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How Jimi Hendrix got himself banned from the BBC
10.18.2013
07:30 am

Topics:
Music
Television

Tags:
Jimi Hendrix
Lulu

luluandjimi
Please, Jimi, don’t sabotage my TV show…

In 1969 the producers of pop singer Lulu’s BBC variety show thought it was a great idea to book The Jimi Hendrix Experience.

Lulu was typecast as a squeaky clean, non-threatening, sweet entertainer who had multi-generational appeal. Despite her disapproval of marijuana, which prompted her then-husband Bee Gee Maurice Gibb to fling the windows of their home open for several minutes in all weather prior to her arrival, she was cooler than she was given credit for, even before her cameo appearances on Absolutely Fabulous. This is a woman who, in addition to a brief fling with David Bowie in the ‘70s, had the guts to scream at John Lennon for ignoring his first wife at a party to flirt with other women.

Hendrix had enjoyed recent success in the U.K. with “Hey Joe,” and the idea was for Lulu to sing the last few bars with him as a duet on her January 4, 1969 show before transitioning to her usual closing song. The producers had even suggested the unthinkable possibility of Jimi and Lulu singing a duet on “To Sir With Love,” her biggest hit.

Things didn’t quite work out that way.

Hendrix and the band were horrified at the idea of a duet with Lulu. The unflappable bassist Noel Redding wrote in his autobiography Are You Experienced? The Inside Story of The Jimi Hendrix Experience that the band tried to relax by smoking a lump of hash in the dressing room, which they accidentally dropped down the sink. Redding said:

I found a maintenance man and begged tools from him with the story of a lost ring. He was too helpful, offering to dismantle the drain for us. It took ages to dissuade him, but we succeeded in our task and had a great smoke.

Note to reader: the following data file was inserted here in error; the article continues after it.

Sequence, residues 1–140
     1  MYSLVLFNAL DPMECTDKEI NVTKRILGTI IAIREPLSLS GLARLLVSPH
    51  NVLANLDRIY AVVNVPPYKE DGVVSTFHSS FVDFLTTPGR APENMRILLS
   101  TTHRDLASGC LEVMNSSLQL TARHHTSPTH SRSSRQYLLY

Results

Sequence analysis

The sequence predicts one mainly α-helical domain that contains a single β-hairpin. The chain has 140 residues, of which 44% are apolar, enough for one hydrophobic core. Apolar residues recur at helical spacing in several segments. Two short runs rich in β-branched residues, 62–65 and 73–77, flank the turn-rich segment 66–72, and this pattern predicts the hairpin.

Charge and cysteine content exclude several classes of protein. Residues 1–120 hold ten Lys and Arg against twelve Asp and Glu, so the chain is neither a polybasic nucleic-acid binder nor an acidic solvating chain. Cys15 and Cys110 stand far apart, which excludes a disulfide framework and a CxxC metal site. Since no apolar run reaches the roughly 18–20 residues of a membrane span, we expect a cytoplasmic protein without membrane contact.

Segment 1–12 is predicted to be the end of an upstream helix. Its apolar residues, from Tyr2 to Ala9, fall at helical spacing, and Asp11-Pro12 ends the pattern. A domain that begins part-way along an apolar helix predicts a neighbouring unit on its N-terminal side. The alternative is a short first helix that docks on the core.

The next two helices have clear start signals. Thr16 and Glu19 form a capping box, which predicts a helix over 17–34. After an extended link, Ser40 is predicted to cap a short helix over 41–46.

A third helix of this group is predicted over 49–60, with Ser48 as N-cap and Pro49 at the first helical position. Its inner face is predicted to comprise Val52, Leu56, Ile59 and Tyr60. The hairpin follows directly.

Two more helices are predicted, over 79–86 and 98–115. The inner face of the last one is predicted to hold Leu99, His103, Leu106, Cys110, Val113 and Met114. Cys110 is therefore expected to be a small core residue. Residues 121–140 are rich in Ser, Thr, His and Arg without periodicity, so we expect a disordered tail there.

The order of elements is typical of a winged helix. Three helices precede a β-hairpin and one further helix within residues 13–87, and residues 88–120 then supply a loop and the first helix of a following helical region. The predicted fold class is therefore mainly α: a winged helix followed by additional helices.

After playing “Voodoo Child” as planned, Jimi allowed a blast of feedback to “accidentally” interrupt Lulu’s introduction of “Hey Joe.” The by now baked band played a few minutes of song before Jimi stopped abruptly. “We’d like to stop playing this rubbish,” he told the straight, ordinary, respectable, and totally bewildered audience. He then announced an impromptu tribute to Cream, who had just disbanded, and flew into an instrumental version of “Sunshine of Your Love.”

Lulu’s show producer Stanley Dorfman paused his nervous breakdown long enough to repeatedly point to his watch as they played out the show. Redding said:

Short of running onto the set to stop us or pulling the plug, there was nothing he could do. We played past the point where Lulu might have joined us, played through the time for talking at the end, played through Stanley tearing his hair, pointing to his watch and silently screaming at us.

As a result of this prank Hendrix was banned from appearing on the BBC. Eight years later when Elvis Costello was similarly banned from Saturday Night Live for stopping in the middle of “Less Than Zero” and playing “Radio Radio” instead, he admitted that he was copping Jimi’s move.

Posted by Kimberly J. Bright | Leave a comment
The Weekend Starts Here: The Best of ‘60s Brit Pop from ‘Ready, Steady, Go!’

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This is what cultural revolution looked like in the early 1960s: youngsters dancing in a cramped television studio, as smartly dressed men and women mime love songs.

From its opening line: “The weekend starts here!” Ready, Steady, Go! was one of the most revolutionary and influential programs on British TV.

Between 1963 and 1966, Ready, Steady, Go! brought pioneering performances by the biggest pop names to millions of homes across the country. The Beatles, The Rolling Stones, Dusty Springfield, Lulu, The Animals, Cilla Black, Gerry and The Pacemakers, The Searchers, and even Peter Cook & Dudley Moore—who later parodied the show in their film Bedazzled.

The miming eventually stopped in April 1965, after the show moved to a bigger studio and artists were asked to play live—most notably now legendary sets by The Who, Jimi Hendrix, Manfred Mann and The Walker Brothers. It gave the show an immediacy and power its rivals could only dream about, but by 1966, as the beat revolution moved on, Ready, Steady, Go! was canceled.

Ready, Steady, Go! had an unprecedented influence on shaping musical taste, and youth fashion, and in 2011, The Kinks’ Ray Davies paid homage to RSG! with a recreation of the show at the Meltdown Festival.
 

 

Posted by Paul Gallagher | Leave a comment
The Man Who Sold the World: When Bowie met Lulu